Could the Fourth Industrial Revolution change the wine industry? It already has and will continue to just like it has changed just about every other sector from healthcare to manufacturing to retail. Artificial intelligence touches everything in winemaking from the soil analysis at the vineyards to how consumers select the right vintage to go with dinner. Let's explore a few of the ways artificial intelligence will alter winemaking.
At the vineyard
Artificial intelligence is already in many vineyards in the form of AI-powered machines and sensors that help assess water needs and soil conditions for the grapes. Automated drones can fly above the vines with thermal infrared cameras to identify precisely what vines need water or suffer from diseases or damage from pests. Additionally, just as tourism companies use drones to make marketing videos, vineyards can use drones to give its customers a bird’s-eye view of the grape-growing process. Ultimately, robots might take over tasks at the vineyards to free up the winemaker to focus on other initiatives.
In Australia, GAIA (Geospatial Artificial Intelligence for Agriculture) uses AI software and a satellite image library to plot every vineyard in the country. The organisation feeds the data it collects to its deep neural network to monitor crop conditions, fruit quality, classify vineyards and more.
Just as it has done in other industries, artificial intelligence can help make wine production more streamlined and efficient. By analysing data from sensors and other data-retrieving tools, AI machines can monitor conditions as well as inventory and suggest action based on the data. As the world’s climate continues to evolve, artificial intelligence can play a critical role in how existing winemakers in various locations adjust to changing climate conditions and help inform new wine-growing regions as they become more hospitable to growing grapes.
Artificial intelligence has already been used as a virtual sommelier to help make wine pairing suggestions (more than 25% of wine drinkers use wine apps to help with purchasing decisions), but we can expect this capability to expand. In one example and partnership, AllRecipes. Com and Ste. Michelle Wine Estates joined forces to offer consumers immediate wine pairing suggestions for recipes on the AllRecipes. Com site. The AI tool used here takes a consumer’s personal tasting preferences, patterns in the recipes and information about what wine is available at local retailers to recommend wines for dishes. Similar to how Netflix or Spotify recommends movies and songs or artists to you, there are many apps and companies such as Wine Ring and WineStein that used artificial intelligence to create a virtual sommelier that can get to know you so well that it can offer personalised wine suggestions. In fact, more than 25% of wine drinkers use wine apps to help decide what wine to purchase. There’s even a smart wine vault on the market that can track your wine inventory and also gives you wine recommendations.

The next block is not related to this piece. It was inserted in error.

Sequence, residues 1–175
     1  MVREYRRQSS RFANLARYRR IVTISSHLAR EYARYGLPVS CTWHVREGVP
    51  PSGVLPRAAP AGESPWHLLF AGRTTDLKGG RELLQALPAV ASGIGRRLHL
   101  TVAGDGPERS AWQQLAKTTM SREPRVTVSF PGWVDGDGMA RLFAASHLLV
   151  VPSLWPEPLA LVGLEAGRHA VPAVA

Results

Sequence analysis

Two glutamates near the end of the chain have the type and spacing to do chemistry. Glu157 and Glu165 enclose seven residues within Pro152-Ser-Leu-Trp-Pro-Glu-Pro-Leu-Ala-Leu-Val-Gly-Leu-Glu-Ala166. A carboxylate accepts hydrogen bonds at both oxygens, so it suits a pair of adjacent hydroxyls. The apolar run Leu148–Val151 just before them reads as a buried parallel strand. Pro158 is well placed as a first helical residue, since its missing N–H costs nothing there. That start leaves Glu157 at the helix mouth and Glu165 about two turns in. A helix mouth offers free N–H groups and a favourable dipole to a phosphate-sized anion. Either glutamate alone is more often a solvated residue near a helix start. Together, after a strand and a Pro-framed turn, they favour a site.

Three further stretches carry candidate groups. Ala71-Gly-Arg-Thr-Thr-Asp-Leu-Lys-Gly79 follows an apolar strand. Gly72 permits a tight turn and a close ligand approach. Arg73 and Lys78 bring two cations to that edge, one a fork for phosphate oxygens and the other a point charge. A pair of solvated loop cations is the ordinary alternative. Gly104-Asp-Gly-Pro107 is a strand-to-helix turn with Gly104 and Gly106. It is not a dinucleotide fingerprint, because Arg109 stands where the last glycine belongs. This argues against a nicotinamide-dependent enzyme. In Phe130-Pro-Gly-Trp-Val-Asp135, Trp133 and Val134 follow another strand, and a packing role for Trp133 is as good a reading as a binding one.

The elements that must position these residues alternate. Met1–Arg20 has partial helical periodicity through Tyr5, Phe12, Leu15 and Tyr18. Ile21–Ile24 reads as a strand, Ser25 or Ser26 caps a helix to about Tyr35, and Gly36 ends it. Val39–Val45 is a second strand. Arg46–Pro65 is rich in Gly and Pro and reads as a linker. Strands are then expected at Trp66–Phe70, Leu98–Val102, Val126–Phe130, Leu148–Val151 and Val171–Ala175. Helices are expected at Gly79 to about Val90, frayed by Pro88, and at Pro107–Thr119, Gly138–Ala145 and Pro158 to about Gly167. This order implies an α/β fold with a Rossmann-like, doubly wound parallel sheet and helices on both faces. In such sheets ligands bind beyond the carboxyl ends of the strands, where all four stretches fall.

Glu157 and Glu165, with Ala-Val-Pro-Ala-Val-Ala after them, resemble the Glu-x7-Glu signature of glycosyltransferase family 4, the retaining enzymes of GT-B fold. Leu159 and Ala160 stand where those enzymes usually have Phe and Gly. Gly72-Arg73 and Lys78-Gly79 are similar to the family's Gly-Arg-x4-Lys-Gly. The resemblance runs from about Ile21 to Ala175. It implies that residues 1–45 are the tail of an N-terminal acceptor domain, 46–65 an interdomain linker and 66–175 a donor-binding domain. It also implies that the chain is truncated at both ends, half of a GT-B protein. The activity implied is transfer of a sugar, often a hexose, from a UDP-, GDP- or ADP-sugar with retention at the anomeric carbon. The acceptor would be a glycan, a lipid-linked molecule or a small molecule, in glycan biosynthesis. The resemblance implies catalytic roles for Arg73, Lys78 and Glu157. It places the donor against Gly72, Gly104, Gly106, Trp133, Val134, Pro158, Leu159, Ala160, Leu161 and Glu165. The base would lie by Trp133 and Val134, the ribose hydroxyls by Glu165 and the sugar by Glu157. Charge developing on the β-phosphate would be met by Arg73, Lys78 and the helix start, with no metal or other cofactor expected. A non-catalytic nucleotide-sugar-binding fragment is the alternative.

The AI transformation of wine recommendations can also impact your wine-buying experience. The same technology that can recommend a wine to you from an app can inform your wine-purchasing experience either online or at a retail store. Perhaps in the future, you will interact with a wine sommelier robot who will help you pick out a perfect bottle.
Winemaking might be a work of art to some, but it’s fundamentally very scientific. When artificial intelligence is used to analyse data about the grapes and other properties that ultimately influence the aroma, flavour and taste of wine it can identify patterns and insights that might be undiscovered by humans. The data analysis done by artificial intelligence can help winemakers make decisions about their crop and winemaking methodologies to perfect their system.
Now that artificial intelligence has vision and natural language processing, it isn’t too far fetched to believe that AI will soon have other senses such as taste and smell. With that ability, AI will be able to provide critiques and reviews of wine. In fact, Wine Spectator is an entire publication that is written by software, and it already offers ratings and reviews of wine.
Autonomous vehicles and wine
As the driving experience evolves with self-driving cars, it is expected that our vehicles will turn into entertainment area—when the AI system is keeping an eye on the road and navigating you are free to do whatever you want. In this scenario, drinking and driving is no longer a concern. It's possible that as our roadways change to accommodate more self-driving vehicles, our collective consumption of alcohol will increase.
Bernard Marr is an internationally bestselling author, futurist, keynote speaker, and strategic advisor to companies and governments. He advises and coaches many of the world’s best-known organisations on strategy, digital transformation and business performance. LinkedIn has recently ranked Bernard as one of the top 5 business influencers in the world and the No 1 influencer in the UK. He has authored 16 best-selling books, is a frequent contributor to the World Economic Forum and writes a regular column for Forbes. Every day Bernard actively engages his almost 2 million social media followers and shares content that reaches millions of readers.